Rice University’s Student Newspaper — Since 1916

Monday, June 17, 2024 — Houston, TX

Keep the pride alive with these pieces of queer media


Amber Wang / Thresher

By Arman Saxena     4/11/23 11:15pm

Last week was Pride Week at Rice — so what better time to highlight media created by and on members of the LGBTQ+ community? Here are some of the best pieces of media from queer artists that do an incredible job of illustrating LGBTQ+ experiences. 

“Portrait of a Lady on Fire”

Every 10 years, the British Film Institute conducts the Sight and Sound poll, asking critics around the world for their takes on the greatest films ever made. In 2022, “Portrait of a Lady on Fire” was ranked at number 30, the highest ranking for any film from the 2010s. 

This profoundly emotional period piece follows the romance of two women, Heloise and Marianne, as they spend a week together on an isolated island off the coast of France. With accolades from the Cannes Film Festival, Cesar Awards and European Film Awards, director Celine Sciamma has earned her title as one of, if not the most, acclaimed lesbian filmmakers working today.

“The Watermelon Woman”

This comedy follows a Black lesbian filmmaker named Cheryl who dives into the life of an actress billed as the Watermelon Woman who was known for playing “mammy” archetypes in the 1930s. Cheryl is looking for love in this hilarious rom-com mockumentary, which sits at the intersection of race, sex, history, love and queerness.

“Peace Beyond Passion” by Meshell Ndegeocello

While many don’t know her name, Meshell Ndegeocello has been consistently releasing contemporary R&B soul projects since the mid-90s. “Peace Beyond Passion” is a jazzy and funky album addressing issues such as homophobia, racism and religion. Her work here is reminiscent of Stevie Wonder in the way she meshes mellow soul and funk rhythms with polemic and insightful political commentary.

“Oil of Every Pearl’s Un-Insides” by SOPHIE

The trailblazing Scottish producer and songwriter passed away at age 34 in Jan. 2021, leaving behind a discography that is especially extensive for someone who had only been in the music scene for 10 years. SOPHIE’s “Oil of Every Pearl’s Un-Insides” is a futuristic, noisy and eclectic deconstructed club album that fully establishes them as one of the most important figures in the experimental pop scene. The album features “Immaterial,” a pop anthem about freeing yourself from social constraints of identity — it’s a euphoric track and SOPHIE’s most-listened to song on Spotify for a reason.

“Maggot” by Dazey and the Scouts

Angry, energetic, rebellious and from a distinctively LGBTQ+ perspective, Queercore is a movement born out of the punk rock subculture. “Maggot” is one of the most-acclaimed examples of this movement in recent years and is a noisy, sarcastic and unabashedly queer punk and indie rock project that provides  an adrenaline boost just by listening to it.

“The Color Purple” by Alice Walker 

Winner of the Pulitzer Prize and the National Book Award for Fiction, taught throughout the country and made into a film directed by Steven Spielberg, it’s likely you’ve heard of “The Color Purple.” With the Tony-winning musical adaptation soon to receive the cinematic treatment, there’s no better time to experience the story of protagonist Celie’s journey of first love, faith, abuse and reconnecting with those long lost.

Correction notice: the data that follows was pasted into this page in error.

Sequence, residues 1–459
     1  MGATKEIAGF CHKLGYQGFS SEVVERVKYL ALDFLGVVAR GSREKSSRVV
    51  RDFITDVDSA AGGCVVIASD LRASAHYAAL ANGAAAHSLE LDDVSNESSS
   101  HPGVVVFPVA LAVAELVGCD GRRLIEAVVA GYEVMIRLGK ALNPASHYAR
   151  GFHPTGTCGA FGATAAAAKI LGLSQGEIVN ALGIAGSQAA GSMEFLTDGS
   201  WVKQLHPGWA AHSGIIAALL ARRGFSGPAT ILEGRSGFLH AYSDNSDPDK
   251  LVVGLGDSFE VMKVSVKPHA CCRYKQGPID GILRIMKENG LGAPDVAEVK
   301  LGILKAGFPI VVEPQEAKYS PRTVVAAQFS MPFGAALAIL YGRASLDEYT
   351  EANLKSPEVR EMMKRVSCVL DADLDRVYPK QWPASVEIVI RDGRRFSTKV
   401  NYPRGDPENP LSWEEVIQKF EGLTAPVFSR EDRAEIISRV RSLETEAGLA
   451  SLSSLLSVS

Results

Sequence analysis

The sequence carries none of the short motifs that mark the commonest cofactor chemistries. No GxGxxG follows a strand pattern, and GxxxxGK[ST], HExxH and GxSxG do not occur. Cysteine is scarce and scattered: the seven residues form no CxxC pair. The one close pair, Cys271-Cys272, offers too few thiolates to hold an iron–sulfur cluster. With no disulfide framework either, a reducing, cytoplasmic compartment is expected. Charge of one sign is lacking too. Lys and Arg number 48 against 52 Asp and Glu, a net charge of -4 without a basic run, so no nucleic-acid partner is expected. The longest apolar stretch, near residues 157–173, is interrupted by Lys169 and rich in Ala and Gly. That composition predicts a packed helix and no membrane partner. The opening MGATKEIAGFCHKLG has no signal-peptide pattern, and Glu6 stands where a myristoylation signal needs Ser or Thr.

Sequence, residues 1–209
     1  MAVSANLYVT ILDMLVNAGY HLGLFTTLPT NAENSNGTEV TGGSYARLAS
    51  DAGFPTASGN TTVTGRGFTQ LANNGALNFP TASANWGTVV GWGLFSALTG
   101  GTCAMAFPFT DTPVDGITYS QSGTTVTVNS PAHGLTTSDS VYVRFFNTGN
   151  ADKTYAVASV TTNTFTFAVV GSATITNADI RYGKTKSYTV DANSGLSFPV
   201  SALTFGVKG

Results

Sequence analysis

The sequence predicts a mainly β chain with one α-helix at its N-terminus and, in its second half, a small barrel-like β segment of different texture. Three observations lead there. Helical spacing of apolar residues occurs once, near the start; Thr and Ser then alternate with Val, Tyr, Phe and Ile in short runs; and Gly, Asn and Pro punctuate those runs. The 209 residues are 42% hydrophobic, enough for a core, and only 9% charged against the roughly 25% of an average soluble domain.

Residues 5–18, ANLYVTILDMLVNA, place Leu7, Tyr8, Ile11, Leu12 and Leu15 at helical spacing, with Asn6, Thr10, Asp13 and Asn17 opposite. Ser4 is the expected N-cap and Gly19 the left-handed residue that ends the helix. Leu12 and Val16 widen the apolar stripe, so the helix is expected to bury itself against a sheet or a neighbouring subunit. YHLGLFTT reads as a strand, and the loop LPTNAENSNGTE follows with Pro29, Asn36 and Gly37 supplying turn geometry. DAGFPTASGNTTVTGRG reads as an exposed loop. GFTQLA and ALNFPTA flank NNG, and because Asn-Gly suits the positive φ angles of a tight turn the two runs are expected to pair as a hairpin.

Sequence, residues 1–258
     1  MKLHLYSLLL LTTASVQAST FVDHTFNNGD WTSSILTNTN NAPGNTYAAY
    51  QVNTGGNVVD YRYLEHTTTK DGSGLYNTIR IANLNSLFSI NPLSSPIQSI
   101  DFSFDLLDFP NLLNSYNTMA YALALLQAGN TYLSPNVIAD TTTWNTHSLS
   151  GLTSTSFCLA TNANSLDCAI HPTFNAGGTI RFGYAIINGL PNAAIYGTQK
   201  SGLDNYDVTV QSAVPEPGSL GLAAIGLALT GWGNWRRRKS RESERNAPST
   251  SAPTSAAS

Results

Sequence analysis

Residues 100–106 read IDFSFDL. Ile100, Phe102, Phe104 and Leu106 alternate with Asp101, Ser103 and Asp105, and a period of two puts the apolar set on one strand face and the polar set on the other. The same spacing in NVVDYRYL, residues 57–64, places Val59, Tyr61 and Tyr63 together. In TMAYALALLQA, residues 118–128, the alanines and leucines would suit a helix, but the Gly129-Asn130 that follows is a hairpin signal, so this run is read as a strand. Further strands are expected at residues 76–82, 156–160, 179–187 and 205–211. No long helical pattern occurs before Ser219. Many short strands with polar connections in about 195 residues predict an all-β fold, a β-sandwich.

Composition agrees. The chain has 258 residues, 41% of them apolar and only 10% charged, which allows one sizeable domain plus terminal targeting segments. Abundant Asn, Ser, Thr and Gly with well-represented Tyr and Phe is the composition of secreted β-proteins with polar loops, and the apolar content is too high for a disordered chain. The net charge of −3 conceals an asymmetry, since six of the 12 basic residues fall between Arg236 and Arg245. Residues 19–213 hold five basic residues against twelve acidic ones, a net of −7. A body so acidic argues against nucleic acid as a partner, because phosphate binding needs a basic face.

“Giovanni’s Room” by James Baldwin

A pioneering work in BIPOC gay literature, “Giovanni’s Room” tells the story of David and his relationships with the men in his life, including the bartender Giovanni. Author James Baldwin was one of the most acclaimed authors and thinkers of his generation, spurring documentaries, adaptations and literature on his work and impact. 

“Borderlands/La Frontera” by Gloria Anzaldua

Lesser known than the former written work but equally as valuable, Gloria Anzaldua’s “Borderlands/La Frontera” is a trailblazing piece of Chicano media that takes on everything from gender to race to colonialism. It’s a semi-autobiographical work that plays with poetry, prose and the conventions of genre to passionately illustrate the relationship between art, life, sexuality, history and mythology.

More from The Rice Thresher

A&E 4/21/24 11:51pm
Jeremy Zucker is no longer a ‘sad-boy troubadour’

Jeremy Zucker’s arms, like most of his body, host a scrapbook of tattoos — a faded clementine peel, his childhood pets (Rusty and Susie), a Pinterest doodle of Sonic the Hedgehog with a bouquet of flowers. His middle finger is etched with a single tooth, hanging off a thin branch wrapping around the rest of his hand.

A&E 4/17/24 12:00am
Super Smash Bros. ultimate tournament sees smashing success

The Super Smash Bros. Club held their second annual ultimate tournament Friday, April 12. Club president Jashun Paluru said all Smash players were welcome, regardless of ability, experience or involvement in the club. The event was held in collaboration with Owls After Dark, a late-night activity series headed by the Rice Student Center, at the Rice Memorial Center’s Grand Hall.

A&E 4/16/24 11:07pm
Tribute band ‘Suede Hedgehog’ talks inspirations, legacies

Last Thursday, the halls of the RMC were graced with smooth melodies and funky grooves courtesy of “Suede Hedgehog,” Rice’s very own tribute band to “Silk Sonic,” a musical duo made up of Bruno Mars and Anderson .Paak. Although the tiny desk concert only lasted about 20 minutes the atmosphere was electric, and Coffeehouse — their venue — was packed with listeners.


Please note All comments are eligible for publication by The Rice Thresher.